NHTSA Squeezes Tesla Records In Probe 43 mins ago aconixes_k0jy1m No Comments

 The National Highway Traffic Safety Administration (NHTSA) has requested updated records from Tesla as it continues its safety investigation into the electric automaker.

In fact, CNBC reported that Tesla has been directed to send a large number of new records to NHTSA or face a hefty fine.

Back in August 2021, following a string of high-profile fatal crashes, NHTSA launched a formal investigation into Tesla’s Autopilot.

Image credit: Tesla

Tesla detector

Then in June 2022, NHTSA announced that it was upgrading its initial investigation into the Autopilot driver assistance system to an “engineering analysis,” a step the agency took before it decided to recall.

Fast-forward a few months, and in October 2022 it was reported that the U.S. Department of Justice had also opened a previously undisclosed criminal investigation in 2021 into Tesla’s claims that its electric vehicles (EVs) could drive themselves.

On Thursday, the National Highway Traffic Safety Administration (NHTSA) posted a letter on its website saying that if Tesla fails to provide federal agencies with information about its advanced driver assistance system, the company will use Autopilot, fully automatic Driving and FSD Beta options are marketed. Faces “civil penalties of up to $26,315 per violation per day, or up to $131,564,183,996 for consecutive series of related daily violations.”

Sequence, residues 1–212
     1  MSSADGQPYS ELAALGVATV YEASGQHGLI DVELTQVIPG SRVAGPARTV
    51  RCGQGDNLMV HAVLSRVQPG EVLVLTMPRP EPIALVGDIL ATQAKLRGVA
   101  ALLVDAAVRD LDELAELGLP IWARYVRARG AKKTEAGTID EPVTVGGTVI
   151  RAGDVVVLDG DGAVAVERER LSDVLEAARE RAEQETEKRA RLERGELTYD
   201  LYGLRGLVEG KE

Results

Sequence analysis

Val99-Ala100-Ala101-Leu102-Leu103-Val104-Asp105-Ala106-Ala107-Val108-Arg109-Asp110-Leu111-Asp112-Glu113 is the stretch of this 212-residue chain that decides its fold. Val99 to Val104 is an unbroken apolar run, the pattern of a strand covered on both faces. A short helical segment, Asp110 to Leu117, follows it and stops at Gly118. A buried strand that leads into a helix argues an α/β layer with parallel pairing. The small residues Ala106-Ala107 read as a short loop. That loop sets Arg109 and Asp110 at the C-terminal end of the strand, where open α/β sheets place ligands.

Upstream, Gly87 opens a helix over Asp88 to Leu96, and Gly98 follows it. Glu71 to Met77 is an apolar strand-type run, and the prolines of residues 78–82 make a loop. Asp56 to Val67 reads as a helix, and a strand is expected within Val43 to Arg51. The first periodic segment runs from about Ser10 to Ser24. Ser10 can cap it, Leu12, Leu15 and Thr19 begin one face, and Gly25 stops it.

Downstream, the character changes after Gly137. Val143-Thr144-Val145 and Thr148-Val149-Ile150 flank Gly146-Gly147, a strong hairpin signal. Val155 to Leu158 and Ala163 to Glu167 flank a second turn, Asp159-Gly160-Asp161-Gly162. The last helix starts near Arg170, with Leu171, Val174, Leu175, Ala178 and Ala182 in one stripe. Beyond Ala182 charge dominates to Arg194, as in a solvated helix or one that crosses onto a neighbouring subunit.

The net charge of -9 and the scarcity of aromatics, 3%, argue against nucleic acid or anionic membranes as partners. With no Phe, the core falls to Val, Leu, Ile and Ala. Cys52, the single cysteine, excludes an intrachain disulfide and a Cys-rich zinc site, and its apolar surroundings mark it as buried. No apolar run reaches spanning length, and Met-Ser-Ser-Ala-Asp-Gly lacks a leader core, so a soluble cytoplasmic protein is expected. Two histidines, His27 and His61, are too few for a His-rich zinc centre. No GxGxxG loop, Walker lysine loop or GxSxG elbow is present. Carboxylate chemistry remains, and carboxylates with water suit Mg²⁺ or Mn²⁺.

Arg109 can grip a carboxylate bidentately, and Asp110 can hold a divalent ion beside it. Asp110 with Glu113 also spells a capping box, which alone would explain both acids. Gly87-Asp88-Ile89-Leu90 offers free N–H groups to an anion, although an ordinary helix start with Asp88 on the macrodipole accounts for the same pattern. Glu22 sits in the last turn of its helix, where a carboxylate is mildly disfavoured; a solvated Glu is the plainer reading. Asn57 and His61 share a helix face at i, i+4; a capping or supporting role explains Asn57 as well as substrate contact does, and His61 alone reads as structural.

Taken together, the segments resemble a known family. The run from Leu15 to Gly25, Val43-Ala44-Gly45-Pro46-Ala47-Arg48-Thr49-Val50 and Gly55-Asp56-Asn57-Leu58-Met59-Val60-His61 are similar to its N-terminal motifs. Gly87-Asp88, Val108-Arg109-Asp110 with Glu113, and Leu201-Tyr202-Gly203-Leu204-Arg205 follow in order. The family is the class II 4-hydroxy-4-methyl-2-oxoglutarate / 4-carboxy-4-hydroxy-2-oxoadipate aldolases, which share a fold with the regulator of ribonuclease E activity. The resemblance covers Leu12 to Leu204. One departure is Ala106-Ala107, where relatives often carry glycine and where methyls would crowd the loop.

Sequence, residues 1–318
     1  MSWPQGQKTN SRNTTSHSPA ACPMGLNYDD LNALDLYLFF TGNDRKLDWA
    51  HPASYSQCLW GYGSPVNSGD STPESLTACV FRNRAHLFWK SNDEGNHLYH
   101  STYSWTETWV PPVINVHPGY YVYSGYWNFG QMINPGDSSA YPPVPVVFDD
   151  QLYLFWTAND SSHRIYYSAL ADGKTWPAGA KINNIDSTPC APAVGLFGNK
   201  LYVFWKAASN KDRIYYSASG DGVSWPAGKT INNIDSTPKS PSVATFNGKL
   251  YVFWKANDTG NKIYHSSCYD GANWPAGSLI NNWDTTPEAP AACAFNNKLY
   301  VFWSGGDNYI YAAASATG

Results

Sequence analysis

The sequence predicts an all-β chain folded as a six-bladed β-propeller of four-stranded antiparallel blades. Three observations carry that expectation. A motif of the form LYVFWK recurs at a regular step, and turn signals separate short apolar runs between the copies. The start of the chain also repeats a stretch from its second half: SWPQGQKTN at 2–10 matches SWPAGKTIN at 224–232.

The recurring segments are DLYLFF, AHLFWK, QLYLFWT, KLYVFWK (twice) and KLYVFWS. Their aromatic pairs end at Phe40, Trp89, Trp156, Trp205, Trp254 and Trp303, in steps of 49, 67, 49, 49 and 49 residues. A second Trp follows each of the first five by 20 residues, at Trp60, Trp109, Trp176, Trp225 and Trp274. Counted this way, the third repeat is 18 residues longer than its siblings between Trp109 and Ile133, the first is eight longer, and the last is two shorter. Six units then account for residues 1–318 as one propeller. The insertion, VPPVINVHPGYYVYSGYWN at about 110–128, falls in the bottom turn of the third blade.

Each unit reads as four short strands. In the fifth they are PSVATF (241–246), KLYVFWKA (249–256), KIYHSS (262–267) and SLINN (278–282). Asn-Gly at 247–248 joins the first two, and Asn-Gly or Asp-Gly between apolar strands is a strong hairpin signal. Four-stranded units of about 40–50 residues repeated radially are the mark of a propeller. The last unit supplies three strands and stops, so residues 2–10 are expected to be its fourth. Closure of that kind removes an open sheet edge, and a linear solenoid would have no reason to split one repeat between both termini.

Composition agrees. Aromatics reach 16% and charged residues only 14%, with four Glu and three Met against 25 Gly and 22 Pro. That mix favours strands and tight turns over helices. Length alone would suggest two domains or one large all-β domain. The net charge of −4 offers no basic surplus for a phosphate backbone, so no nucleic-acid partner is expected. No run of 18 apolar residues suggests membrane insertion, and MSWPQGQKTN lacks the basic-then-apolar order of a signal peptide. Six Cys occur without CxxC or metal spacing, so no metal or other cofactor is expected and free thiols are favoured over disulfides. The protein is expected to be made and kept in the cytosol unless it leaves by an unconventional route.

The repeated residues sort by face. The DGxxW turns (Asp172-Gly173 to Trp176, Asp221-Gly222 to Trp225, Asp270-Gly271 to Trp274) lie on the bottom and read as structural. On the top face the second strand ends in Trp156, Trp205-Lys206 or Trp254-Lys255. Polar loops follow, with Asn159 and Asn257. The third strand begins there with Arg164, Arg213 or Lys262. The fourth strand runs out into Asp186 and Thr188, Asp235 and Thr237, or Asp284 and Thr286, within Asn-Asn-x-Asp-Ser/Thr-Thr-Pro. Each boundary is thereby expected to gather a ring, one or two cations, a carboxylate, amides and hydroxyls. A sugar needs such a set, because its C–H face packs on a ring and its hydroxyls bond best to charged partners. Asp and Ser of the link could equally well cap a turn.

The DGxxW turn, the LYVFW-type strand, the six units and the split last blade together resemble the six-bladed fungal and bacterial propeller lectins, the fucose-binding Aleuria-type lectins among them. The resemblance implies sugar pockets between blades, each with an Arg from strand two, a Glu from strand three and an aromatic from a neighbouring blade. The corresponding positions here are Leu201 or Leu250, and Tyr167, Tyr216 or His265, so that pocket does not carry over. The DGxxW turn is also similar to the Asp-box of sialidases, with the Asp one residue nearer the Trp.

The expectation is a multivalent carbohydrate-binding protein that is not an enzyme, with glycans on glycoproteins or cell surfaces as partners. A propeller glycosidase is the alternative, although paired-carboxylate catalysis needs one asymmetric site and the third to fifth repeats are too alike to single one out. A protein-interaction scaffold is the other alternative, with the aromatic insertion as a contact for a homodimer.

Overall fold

The letter, reportedly sent to Tesla on July 3, seeks an update on its August 2022 questions.

The letter is now reportedly asking for a response by July 19.

Among other details, NHTSA wants to know which versions of Tesla’s software, hardware and other components were installed on every car sold, leased or used in the United States between the 2014 and 2023 model years, and the date of any versions. Tesla vehicles “included in ‘Full Self-Driving Beta’ program.”

Lars Moravy, Tesla’s vice president of automotive engineering, did not immediately respond to a request for comment, CNBC reported.

high profile crash

Tesla electric vehicles have been at the center of a series of incidents surrounding the use of Autopilot in recent years, including multiple accidents and even fatalities.

But the crash of the Tesla into an emergency vehicle is particularly worrying for U.S. authorities.

For example, in December 2019, a driver was charged after setting his Tesla Model 3 on Autopilot to see what the dog was doing in the back seat.

Copyright Connecticut State Police

Unfortunately, the Model 3 (while in Autopilot mode) was unable to avoid hitting a stationary Connecticut State Police vehicle with blue flashing lights on as it dealt with a broken-down car.

Copyright Connecticut State Police

In September 2021, five police officers in Texas sued Tesla after an unnamed driver crashed his Tesla Model X into two wheels at 70 mph (112 km/h). They and a police dog were “seriously injured” in the back of a parked police patrol car. The fourth vehicle was stopped and investigated for possible drug offenses.

The driver was drunk and drove him home in his Tesla, only to crash the police car, leaving the officer “severely injured and permanently disabled”.

In January 2022, another Tesla accident led to the first individuals in the United States to be charged with vehicular manslaughter when their Model S drove through an intersection with Autopilot engaged and struck a Honda Civic, killing two people. people die.

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